In her new role, she will work directly with law enforcement agencies. Mikaela is a mom of two young children, Paisley and Hudson. In her free time, she enjoys spending time with her family.

We asked Mikaela a few questions to get to know her.

Answers may have been edited for length and clarity.


What are you looking forward to most in your new role?

I am most looking forward to taking on new challenges and expanding my knowledge.

What is your favorite movie?

“Mamma Mia”

One day to unplug. No strings attached. What would that day look like?

Spending time at the park or zoo with my husband and kids.

FHWA Announces Latest Round of Innovations Under Every Day Counts Program to Accelerate Innovation in Transportation Industry

The U.S. Department of Transportation’s Federal Highway Administration (FHWA) announced in a press release the latest round of transportation innovations through the Every Day Counts (EDC) Program (EDC-7). EDC is a state-based program that helps identify and rapidly deploy proven, yet underutilized, innovations that facilitate greater efficiency in project delivery at the state, local and Tribal levels. The U.S. DOT is expanding the EDC model to more modes of transportation. This year’s innovations are being promoted by FHWA and the Federal Transit Administration (FTA) and will improve project delivery across highway, rail, and transit agencies at the state and local level.

“Americans get the best value out of innovations in transportation when they are broadly shared among communities so that good ideas spread across the country,” said U.S. Transportation Secretary Pete Buttigieg.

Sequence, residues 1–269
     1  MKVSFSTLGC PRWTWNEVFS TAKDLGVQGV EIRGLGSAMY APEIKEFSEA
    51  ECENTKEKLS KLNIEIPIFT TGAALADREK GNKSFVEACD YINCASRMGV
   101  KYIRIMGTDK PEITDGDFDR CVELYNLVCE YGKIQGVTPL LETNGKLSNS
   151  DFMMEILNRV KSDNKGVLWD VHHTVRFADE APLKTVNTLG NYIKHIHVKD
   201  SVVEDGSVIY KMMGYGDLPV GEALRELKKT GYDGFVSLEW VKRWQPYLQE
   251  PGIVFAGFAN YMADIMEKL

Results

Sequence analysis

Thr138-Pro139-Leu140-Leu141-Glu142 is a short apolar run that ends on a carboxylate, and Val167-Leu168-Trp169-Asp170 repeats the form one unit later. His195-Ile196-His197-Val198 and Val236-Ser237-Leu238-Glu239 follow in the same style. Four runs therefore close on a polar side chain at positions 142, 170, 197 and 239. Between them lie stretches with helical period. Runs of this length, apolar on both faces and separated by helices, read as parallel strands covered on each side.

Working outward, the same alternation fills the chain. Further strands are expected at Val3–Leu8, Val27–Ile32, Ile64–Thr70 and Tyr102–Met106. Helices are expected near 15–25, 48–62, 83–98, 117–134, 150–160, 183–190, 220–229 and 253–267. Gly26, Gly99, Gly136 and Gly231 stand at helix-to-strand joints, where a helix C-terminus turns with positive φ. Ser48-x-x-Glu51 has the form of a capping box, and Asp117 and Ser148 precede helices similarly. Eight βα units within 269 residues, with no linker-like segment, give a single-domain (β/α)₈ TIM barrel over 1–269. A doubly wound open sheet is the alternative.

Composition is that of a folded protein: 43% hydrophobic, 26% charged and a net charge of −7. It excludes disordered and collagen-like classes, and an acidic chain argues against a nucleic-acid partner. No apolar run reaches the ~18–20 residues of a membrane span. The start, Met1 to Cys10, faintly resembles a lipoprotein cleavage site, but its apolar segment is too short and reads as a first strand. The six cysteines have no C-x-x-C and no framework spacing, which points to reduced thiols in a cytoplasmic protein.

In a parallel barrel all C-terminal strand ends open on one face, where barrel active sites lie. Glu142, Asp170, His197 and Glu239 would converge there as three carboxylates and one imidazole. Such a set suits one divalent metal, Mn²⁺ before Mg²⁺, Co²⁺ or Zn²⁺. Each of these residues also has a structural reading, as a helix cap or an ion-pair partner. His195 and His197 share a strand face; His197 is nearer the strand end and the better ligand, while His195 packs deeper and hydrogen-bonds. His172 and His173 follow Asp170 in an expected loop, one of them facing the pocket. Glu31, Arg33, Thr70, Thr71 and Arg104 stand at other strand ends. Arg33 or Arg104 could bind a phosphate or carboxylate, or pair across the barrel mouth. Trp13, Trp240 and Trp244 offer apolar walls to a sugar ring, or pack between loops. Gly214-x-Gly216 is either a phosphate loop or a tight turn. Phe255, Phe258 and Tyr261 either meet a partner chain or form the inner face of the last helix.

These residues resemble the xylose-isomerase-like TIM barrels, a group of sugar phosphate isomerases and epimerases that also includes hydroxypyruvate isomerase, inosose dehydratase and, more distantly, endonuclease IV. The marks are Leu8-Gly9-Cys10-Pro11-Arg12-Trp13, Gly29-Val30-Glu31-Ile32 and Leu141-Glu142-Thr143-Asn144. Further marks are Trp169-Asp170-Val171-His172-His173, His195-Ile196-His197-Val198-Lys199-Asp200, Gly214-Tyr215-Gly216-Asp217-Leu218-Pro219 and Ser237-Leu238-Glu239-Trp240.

EDC-7 innovations will improve safety for all road users, build a sustainable infrastructure for the future and grow an inclusive workforce. Notably, some of the EDC-7 innovations were chosen with multimodal state transportation agencies in mind and are of interest to transit and rail agencies.

“Many of the innovations announced today as part of this forward-thinking program will help make the nation’s transit systems safer, greener, and more equitable,” said Federal Transit Administrator Nuria Fernandez. “We look forward to promoting the findings from these initiatives — from reducing greenhouse gas emissions to leveling the playing field for small businesses to compete for design-build contracts — throughout the transit industry.”

Learn about the EDC Round 7 Innovations

Studies Find Automatic Braking

Can Cut Crashes Over 40%

Photo credit: IIHS

Two new U.S. studies show that automatic emergency braking can cut the number of rear-end automobile crashes in half, and reduce pickup truck crashes by more than 40%, according to a news story by the Associated Press.


The studies released last month, one by a government-auto industry partnership and the other by the insurance industry, each used crash data to make the calculations. Automatic emergency braking can stop vehicles if a crash is imminent or slow them to reduce the severity.


A study by The Partnership for Analytics Research in Traffic Safety compared data on auto equipment with 12 million police-reported crashes from 13 states that was collected by the National Highway Traffic Safety Administration, the partnership said in a statement. The group studied forward collision warning as well as emergency braking.


The group found front-to-rear crashes were cut 49% when the striking vehicle had forward collision alert plus automatic braking, when compared with vehicles that didn’t have either system. Rear crashes with injuries were cut by 53%, the study found.


Vehicles with forward collision warning systems reduced rear-end crashes by 16% and cut rear crashes with injuries by 19%.